Claim of finding Herod's tomb bolsters Israeli settlers, worries Palestinians
The discovery dusted off the competing Israeli and Palestinian claims to the region between Bethlehem and the Judean desert. Israeli settler leaders said the reported find of the Jewish king's tomb supported their historic right to the area, while Palestinians expressed fears that it would be used as a pretext to increase Jewish settlement construction south of Jerusalem...
Shaul Goldstein, a leader of the Gush Etzion settlement bloc south of Jerusalem, told the Ynetnews Web site that"the discovery is further proof of Gush Etzion's direct link to the history of the Jewish people and Jerusalem."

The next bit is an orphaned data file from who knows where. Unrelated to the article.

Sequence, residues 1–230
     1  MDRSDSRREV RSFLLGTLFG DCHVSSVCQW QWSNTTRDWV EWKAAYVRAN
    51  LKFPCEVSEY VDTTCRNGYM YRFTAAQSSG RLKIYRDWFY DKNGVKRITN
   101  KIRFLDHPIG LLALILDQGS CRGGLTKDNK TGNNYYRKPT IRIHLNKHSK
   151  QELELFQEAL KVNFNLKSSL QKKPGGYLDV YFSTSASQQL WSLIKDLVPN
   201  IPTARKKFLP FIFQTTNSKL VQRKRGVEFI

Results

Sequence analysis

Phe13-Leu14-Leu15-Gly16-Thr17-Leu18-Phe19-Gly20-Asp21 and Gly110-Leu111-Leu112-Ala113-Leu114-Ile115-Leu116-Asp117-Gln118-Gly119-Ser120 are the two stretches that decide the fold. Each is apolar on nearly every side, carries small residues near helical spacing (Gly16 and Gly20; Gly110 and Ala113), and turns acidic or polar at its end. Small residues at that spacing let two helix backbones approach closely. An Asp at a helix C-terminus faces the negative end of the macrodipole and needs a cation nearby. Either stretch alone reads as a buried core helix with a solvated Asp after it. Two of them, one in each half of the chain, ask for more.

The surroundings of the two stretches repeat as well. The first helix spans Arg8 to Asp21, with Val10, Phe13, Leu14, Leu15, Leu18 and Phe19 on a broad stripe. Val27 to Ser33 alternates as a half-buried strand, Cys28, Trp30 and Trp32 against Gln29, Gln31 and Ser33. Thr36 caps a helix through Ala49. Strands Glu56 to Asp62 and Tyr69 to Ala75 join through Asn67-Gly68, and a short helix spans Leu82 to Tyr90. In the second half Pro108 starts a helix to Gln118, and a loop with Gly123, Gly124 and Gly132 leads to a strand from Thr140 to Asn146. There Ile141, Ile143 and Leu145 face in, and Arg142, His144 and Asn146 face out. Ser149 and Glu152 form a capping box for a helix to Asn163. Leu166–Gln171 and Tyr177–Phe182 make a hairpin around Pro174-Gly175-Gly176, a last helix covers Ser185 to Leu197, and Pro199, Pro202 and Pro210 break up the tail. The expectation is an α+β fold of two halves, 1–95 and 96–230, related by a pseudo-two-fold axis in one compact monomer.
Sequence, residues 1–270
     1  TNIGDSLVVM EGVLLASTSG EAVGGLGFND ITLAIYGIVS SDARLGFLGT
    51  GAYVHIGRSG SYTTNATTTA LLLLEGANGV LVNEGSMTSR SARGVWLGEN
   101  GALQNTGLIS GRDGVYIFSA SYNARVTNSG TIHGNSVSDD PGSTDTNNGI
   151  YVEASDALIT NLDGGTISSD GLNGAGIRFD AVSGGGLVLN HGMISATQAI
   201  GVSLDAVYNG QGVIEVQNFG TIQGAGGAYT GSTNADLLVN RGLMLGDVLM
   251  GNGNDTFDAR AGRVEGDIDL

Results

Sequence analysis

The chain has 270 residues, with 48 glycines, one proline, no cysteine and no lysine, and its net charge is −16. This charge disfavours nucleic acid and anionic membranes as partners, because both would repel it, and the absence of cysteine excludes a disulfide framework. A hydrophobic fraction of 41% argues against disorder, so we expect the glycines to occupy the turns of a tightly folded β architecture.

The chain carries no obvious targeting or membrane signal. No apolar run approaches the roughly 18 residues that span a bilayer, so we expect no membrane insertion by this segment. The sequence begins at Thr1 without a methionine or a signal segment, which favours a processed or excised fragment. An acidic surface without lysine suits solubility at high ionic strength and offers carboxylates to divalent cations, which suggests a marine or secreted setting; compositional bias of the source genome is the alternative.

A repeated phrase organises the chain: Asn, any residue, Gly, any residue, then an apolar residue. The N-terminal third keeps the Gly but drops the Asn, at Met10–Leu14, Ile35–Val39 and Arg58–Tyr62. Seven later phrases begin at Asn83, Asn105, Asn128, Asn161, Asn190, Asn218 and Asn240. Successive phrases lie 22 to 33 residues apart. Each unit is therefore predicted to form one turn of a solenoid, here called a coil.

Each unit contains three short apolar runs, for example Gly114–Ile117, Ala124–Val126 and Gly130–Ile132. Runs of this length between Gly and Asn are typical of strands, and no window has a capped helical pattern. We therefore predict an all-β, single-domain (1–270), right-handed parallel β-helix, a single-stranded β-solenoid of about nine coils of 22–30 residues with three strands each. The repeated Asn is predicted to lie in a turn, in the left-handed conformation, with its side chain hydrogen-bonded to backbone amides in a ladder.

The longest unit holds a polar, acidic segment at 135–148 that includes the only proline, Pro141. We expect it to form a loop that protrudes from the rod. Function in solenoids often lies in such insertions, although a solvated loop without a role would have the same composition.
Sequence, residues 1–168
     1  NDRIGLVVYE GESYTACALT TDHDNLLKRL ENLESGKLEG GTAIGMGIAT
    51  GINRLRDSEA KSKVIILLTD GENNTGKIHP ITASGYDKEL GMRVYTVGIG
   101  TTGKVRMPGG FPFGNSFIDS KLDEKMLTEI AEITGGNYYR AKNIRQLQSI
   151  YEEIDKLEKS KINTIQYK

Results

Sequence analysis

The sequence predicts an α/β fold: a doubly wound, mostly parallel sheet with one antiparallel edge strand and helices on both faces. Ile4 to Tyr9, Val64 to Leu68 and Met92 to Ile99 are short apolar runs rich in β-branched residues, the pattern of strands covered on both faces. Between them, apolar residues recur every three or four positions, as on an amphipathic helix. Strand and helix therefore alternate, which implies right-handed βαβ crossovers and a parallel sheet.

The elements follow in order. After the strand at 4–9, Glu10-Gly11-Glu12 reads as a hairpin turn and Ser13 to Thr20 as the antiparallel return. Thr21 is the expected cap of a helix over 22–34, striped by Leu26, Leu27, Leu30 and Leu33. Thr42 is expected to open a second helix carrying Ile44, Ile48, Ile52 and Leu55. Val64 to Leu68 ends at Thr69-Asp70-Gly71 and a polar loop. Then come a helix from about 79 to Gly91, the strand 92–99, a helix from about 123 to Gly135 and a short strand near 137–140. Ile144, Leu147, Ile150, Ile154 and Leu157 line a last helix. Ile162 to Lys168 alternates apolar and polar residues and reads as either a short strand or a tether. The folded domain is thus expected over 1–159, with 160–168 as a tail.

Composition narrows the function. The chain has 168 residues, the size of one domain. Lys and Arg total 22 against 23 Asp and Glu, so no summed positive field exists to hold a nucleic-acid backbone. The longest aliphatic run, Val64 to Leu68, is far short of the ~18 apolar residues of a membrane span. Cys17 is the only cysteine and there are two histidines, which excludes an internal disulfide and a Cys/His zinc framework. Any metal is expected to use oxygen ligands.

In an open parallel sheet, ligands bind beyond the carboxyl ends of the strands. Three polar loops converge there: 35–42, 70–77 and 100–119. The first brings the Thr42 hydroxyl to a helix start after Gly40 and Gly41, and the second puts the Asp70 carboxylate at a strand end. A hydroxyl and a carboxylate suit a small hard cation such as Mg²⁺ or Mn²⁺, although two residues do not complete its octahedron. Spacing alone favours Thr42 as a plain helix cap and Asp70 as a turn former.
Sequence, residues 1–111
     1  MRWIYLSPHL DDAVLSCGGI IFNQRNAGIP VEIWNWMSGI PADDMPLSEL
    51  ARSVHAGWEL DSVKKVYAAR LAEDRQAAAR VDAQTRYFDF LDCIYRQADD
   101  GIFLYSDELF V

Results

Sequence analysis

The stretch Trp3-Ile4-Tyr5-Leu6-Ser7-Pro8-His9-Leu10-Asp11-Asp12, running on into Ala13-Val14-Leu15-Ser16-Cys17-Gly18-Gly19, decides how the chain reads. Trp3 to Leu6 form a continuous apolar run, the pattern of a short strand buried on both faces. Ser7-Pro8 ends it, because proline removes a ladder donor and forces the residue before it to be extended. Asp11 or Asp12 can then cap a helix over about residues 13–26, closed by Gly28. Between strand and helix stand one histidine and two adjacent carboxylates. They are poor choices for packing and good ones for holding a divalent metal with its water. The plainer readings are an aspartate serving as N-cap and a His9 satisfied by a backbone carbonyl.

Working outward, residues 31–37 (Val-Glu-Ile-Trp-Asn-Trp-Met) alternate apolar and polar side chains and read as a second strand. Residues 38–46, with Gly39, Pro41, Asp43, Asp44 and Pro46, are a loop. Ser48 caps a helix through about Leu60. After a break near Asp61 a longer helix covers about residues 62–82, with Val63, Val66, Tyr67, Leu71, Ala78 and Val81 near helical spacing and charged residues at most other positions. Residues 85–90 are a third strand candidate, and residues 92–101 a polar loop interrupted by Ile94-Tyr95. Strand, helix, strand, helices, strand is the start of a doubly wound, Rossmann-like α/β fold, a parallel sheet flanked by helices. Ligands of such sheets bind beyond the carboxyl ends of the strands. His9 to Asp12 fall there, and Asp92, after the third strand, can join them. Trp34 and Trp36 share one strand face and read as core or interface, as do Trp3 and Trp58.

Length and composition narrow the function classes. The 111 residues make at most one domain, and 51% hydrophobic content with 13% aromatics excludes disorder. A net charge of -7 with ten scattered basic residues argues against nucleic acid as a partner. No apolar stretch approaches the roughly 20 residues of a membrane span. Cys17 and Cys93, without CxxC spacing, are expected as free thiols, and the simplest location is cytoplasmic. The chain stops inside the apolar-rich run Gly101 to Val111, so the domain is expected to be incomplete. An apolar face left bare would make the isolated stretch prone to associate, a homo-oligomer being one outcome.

Nabil Khatib, the Palestinian Authority's director of the Bethlehem district, said international law prohibits Israel from removing artifacts found in the occupied territories."This is robbery of Palestinian artifacts," he said.
comments powered by Disqus
- Dr. Saad Eskander's forced departure from Iraq's National Library and Archives deplored
- Nancy Cott selected as the next President-Elect of the Organization of American Historians
- Scholar calls ISIS destruction of antiquities an example of ethnic cleansing
- Historian Qingjia Edward Wang never thought he would one day write a book about chopsticks.
- Bernard Bailyn’s influence on the profession is hailed in the WSJ